One of the mysteries of the English language finally explained.
1An ancient Roman silver coin, originally worth ten asses.
- ‘The first Roman coins were struck in the early 3rd century BC, initially in precious metals but by the later 3rd century in bronze as the as and the denarius in silver.’
- ‘It is a fallacy that this was to ensure that they had the best cavalry - it was to provide them with the best day out that a denarius coin could buy.’
- ‘The pictor imaginarius (figure painter) made 150 denarii a day, double the daily wage of a wall painter and six times that of a field labourer.’
- ‘The catalyst was the Roman procurator's demand for 100,000 denarii from the Temple treasury, probably to make up a shortfall in revenues caused by a tax strike.’
- ‘Drusilla, I want you and Portia to count out four hundred and nine denarii for Beatrice.’
- ‘The earliest, a worn denarius of Severus Alexander, was particularly interesting as it showed that such coins were still in use at least 250 years after they had been struck.’
- ‘‘I will give you one thousand denarii's for him, take it or leave it’ she spoke to me softly but coldly to Protius.’
- ‘When this was borrowed by the English, they used the name penny but retained the symbol d.: twelve denarii made one solidus, and 20 solidi one pound or libra, giving the term £. s.d., which survived until decimalization in 1971.’
- ‘A new record price was set for a silver denarius of the emperor Augustus.’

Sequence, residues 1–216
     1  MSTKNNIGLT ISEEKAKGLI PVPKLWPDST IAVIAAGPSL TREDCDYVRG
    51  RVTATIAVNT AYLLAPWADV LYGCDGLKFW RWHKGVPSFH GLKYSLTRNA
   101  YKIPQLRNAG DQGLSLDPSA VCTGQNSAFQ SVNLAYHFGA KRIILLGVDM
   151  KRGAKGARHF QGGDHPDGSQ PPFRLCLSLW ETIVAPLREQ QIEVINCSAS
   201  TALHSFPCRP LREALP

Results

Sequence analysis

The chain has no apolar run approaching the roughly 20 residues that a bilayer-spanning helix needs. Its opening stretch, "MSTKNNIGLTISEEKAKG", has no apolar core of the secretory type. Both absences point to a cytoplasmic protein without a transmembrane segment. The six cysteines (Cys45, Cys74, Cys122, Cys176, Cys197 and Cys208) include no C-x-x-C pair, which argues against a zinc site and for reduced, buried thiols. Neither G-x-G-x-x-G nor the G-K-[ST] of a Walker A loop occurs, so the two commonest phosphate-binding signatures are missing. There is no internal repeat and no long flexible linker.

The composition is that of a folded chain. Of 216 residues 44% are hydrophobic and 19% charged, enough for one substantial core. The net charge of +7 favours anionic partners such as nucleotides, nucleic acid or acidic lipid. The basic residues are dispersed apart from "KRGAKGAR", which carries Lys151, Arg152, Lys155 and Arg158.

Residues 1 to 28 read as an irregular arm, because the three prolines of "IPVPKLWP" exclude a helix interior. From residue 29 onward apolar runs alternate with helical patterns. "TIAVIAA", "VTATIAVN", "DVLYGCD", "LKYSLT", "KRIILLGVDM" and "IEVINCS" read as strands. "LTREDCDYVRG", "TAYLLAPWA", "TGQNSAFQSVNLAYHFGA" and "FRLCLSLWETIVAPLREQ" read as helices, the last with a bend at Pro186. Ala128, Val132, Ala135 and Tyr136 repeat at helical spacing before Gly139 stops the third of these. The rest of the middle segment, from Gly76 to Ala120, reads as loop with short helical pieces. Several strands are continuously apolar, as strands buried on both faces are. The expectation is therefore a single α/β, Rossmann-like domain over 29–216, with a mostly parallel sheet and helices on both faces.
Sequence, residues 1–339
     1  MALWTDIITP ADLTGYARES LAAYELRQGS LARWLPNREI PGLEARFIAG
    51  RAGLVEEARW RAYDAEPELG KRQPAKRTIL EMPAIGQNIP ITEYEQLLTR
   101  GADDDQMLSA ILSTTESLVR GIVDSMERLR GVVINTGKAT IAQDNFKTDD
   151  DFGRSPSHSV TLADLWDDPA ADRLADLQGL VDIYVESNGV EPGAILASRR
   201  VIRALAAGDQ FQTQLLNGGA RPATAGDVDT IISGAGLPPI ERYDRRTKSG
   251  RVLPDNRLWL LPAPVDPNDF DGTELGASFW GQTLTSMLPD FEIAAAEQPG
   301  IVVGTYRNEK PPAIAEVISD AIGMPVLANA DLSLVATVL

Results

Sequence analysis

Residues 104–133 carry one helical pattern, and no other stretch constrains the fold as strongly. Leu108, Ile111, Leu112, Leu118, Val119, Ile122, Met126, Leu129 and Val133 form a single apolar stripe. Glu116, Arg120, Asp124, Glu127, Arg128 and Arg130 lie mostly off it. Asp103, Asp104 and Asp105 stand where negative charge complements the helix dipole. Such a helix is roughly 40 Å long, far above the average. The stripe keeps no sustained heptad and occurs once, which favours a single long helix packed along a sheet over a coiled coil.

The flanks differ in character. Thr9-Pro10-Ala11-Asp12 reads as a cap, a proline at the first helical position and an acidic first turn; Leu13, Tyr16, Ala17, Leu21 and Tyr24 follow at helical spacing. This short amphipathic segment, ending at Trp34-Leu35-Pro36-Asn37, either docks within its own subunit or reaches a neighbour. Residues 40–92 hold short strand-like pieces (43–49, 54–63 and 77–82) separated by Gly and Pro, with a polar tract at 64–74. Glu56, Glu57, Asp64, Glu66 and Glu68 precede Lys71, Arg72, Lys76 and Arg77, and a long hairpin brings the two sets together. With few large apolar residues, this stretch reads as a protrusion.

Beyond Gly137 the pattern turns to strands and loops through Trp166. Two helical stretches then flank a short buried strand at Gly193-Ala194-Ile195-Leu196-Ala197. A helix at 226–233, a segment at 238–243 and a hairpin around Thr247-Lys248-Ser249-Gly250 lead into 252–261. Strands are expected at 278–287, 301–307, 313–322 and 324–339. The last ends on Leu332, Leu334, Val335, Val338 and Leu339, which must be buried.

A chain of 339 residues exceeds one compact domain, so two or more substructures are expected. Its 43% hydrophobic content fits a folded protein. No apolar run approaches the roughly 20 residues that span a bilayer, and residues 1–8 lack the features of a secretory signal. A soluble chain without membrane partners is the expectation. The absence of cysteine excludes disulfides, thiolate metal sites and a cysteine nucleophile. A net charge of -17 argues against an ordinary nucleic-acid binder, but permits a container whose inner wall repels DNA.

- ‘Moreover, he minted a new silver coin, which was not only lighter in weight but also contained about ten per cent copper, which meant that the new denarius was worth about 25 per cent less than the old one.’
- ‘The gold denomination of the Roman Empire was the aureus, which was worth twenty-five silver denarii.’
- ‘I don't even have to leave any denarii for further expenses.’
- ‘The principal medium for the payment of these dues was the denarius or silver penny.’
- ‘One owed him five hundred denarii, and the other fifty.’
- ‘The symbol for shilling d and for pence s came, respectively, from Latin denarius and sestertius (one-third), but in usage their values were reversed.’
- ‘But that same servant, as he went out, came upon one of his fellow servants who owed him a hundred denarii; and seizing him by the throat he said, ‘Pay what you owe.’’
- ‘He had already put her name and face on a Roman coin, the silver denarii.’
- ‘A denarius minted by L. Pomponius Molo depicts a laureate head of Apollo on the obverse and on the reverse a sacrificial scene carrying the legend NVMA POMPIL.’
- ‘Martin found the largest hoard of Roman silver denarii found in Britain - it was worth £265,000!’
- ‘A new coinage, based on the denarius, was introduced in 211.’
- 1.1 A unit of weight equal to that of a silver denarius.
- ‘In 793 or 794 Charlemagne raised the weight of the Frankish denarius and increased its size, thereby creating what would long remain the appearance of the typical medieval penny.’
- 1.2 An ancient Roman gold coin worth 25 silver denarii.
- ‘The very word ‘soldier’ means ‘paid’, from the Latin solidus, originally a gold coin worth 25 denarii, and the Old French soulde.’
- ‘‘Two gold denarii! ‘declared Charon with an air of finality.’’
- ‘Included amongst them were a Roman denarius, several silver Roman hammered coins, a Saxon worker's livery badge and a partial bronze axe head dating back some 2,500 years.’
Latin, literally ‘containing ten’, from the phrase denarius nummus ‘coin worth ten asses’ (see as), from deni ‘in tens’, from decem ‘ten’.
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